a third grader presents her reflection on the last semester to the weekly assembly  A farming neighbor of mine in Lumpkin County, Georgia, near the start of the Appalachian trail, credited his father with having gone out of his way to teach him what he couldn't learn at school -- how to work. He said, "Son, I may not be able to teach you anything like school does, but I'm going to teach you how to work if it's the last thing I do." Because America was a largely rural country with plenty of frontier in the late 19th century, schooling focused mainly on training in the three Rs (reading, writing, and arithmetic) and a classical education for those who studied more than a few years. Japan's public education developed more for the samurai and business class of citizens in Buddhist temple schools until pressures from the outside world and industrialization created a national imperative to create a common system throughout the country. With the threat of invasions from Western countries as occurred in China, Japan could not afford to experiment with Federalist, or state-controlled schools. A strong nationally-funded (at least half of all teachers's salaries) public education system has been the rule for over 150 years in Japan. Despite the National control, however, traditional temple school practices like school maintenance chores and obligatory relations between junior and senior students has provided social training that extends all the way to management in the workplace. It is no coincidence that business management did not develop into a branch of study in higher education. With national funding enabling even the poorer states to offer the same teacher salaries and programs as the richest ones, during tough world-economic times, even "extra-curricular" subjects like music, art, home economics, morality, and work management education-related activities remain fully funded. Indeed, these subjects, taught from the first through the twelfth grades are as important as the "three Rs" in the context of preparing a dependable work-force. We will look at how student learn to manage horizontally (among their own class-grade level) and vertically, among their senior and junior classmates to conduct the daily reviews and improvement procedures for regular subjects, daily work chores, and the production of assemblies and a major event each year. Our analysis should provide the American manager of a multi-national/cultural company with a better understanding of the context of the managerial expectations of Japanese employees and managers. It should become obvious why professional college-trained managers are not often a feature in Japanese corporations.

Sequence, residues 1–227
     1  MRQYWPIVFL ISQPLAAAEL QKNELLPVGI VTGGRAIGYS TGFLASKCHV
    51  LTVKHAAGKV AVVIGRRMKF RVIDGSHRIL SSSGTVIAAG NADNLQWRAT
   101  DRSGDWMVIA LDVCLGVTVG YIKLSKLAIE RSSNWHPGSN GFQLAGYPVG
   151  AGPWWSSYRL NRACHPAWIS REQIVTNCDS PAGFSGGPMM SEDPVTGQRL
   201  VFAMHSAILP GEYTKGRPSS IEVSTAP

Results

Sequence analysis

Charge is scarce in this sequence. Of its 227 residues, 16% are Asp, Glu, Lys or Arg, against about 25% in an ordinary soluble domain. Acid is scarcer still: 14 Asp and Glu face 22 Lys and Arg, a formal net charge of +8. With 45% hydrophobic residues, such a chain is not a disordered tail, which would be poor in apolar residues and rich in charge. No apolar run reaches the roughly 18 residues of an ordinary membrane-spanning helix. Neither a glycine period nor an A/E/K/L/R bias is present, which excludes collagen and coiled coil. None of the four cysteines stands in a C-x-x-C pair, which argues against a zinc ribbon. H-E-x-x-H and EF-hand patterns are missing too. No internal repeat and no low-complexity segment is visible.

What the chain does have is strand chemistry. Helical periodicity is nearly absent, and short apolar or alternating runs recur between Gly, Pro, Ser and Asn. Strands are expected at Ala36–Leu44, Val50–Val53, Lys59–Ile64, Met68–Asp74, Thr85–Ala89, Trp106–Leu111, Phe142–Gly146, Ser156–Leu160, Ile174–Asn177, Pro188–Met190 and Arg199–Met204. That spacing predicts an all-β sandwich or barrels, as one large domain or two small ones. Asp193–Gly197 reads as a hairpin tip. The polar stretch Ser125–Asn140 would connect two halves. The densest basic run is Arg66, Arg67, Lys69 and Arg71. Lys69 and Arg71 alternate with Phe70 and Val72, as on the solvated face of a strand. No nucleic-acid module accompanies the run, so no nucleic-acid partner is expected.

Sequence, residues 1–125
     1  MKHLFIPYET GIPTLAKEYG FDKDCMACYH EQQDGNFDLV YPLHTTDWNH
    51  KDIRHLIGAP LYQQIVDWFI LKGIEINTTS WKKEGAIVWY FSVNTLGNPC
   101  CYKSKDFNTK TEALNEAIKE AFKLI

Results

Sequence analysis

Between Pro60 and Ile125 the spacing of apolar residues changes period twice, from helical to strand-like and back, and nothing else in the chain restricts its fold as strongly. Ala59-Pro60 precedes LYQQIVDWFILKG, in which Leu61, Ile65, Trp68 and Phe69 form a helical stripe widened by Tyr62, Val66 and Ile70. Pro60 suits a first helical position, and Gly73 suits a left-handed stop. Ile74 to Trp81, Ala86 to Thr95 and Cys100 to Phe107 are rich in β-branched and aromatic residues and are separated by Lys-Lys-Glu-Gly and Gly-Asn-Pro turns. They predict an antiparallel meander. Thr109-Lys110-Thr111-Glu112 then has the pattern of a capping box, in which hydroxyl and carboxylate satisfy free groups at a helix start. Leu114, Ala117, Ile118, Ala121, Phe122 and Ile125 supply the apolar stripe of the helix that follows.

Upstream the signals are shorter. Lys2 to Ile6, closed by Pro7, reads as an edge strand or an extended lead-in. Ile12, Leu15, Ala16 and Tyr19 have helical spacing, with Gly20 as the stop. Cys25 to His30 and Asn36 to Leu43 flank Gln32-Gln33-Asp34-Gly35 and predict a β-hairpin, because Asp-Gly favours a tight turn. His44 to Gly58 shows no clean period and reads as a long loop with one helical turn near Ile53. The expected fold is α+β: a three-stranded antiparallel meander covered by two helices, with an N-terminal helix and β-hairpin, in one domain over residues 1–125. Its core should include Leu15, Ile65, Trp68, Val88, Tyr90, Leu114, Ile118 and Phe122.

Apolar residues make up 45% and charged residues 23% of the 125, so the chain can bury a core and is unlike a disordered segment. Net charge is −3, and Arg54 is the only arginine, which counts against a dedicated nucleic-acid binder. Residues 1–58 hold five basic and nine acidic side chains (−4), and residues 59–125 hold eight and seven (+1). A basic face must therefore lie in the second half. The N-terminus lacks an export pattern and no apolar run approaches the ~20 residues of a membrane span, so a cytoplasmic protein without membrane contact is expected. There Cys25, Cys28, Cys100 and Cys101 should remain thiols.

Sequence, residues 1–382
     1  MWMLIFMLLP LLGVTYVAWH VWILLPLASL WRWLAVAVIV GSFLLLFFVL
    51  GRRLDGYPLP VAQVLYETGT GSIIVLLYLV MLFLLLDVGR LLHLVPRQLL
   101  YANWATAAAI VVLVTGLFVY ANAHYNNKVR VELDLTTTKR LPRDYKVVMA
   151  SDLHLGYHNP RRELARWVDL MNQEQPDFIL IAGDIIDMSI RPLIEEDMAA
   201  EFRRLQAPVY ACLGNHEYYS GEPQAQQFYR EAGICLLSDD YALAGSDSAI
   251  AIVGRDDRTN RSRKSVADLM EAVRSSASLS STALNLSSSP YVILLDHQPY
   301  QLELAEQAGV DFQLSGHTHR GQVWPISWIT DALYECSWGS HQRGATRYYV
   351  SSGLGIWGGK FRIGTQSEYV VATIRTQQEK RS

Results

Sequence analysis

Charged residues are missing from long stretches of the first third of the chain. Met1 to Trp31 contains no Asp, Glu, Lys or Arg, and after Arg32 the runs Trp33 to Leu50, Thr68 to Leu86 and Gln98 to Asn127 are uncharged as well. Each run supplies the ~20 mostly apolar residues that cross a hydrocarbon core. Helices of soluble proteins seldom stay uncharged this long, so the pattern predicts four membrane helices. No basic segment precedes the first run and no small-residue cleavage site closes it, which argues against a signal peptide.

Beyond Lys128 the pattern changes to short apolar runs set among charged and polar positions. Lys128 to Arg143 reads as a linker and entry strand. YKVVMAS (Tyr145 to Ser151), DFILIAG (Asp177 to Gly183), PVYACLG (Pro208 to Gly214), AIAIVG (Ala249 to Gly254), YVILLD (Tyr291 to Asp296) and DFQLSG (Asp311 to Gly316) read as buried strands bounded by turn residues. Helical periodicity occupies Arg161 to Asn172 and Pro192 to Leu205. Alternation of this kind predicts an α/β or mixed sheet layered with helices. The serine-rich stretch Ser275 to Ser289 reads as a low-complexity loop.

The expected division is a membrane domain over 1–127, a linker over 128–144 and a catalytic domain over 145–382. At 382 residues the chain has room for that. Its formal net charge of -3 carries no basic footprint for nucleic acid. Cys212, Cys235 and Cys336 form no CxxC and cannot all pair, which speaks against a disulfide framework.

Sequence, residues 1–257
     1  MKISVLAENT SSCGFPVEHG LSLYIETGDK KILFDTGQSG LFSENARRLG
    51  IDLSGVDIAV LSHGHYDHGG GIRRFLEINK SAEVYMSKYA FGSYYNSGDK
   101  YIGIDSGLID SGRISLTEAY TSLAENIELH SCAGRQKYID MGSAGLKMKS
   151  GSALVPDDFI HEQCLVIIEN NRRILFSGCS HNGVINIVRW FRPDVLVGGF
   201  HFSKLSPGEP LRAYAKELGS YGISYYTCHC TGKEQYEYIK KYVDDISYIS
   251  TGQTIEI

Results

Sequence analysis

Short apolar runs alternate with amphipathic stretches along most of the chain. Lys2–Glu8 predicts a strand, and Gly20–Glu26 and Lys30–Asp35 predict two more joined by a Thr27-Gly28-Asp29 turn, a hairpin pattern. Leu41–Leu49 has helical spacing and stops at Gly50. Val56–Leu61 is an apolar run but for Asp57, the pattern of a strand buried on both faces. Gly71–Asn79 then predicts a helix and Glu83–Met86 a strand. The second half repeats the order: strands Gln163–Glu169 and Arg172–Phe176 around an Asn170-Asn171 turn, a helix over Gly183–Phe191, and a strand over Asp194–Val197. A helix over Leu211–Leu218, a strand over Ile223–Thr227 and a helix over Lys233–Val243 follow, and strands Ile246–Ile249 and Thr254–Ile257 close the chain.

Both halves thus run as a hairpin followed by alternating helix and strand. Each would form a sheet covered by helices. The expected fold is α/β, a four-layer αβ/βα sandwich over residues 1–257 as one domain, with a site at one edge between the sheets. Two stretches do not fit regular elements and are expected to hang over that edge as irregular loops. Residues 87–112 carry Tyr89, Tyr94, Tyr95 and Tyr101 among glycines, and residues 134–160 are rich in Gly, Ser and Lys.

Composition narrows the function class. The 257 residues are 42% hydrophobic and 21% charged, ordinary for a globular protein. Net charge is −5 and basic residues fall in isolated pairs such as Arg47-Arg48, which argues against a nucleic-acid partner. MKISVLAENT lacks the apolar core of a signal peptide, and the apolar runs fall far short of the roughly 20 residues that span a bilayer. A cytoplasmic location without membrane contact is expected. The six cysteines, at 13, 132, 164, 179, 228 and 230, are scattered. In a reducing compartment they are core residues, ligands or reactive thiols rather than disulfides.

Learning junior-senior obligations on the morning walk to school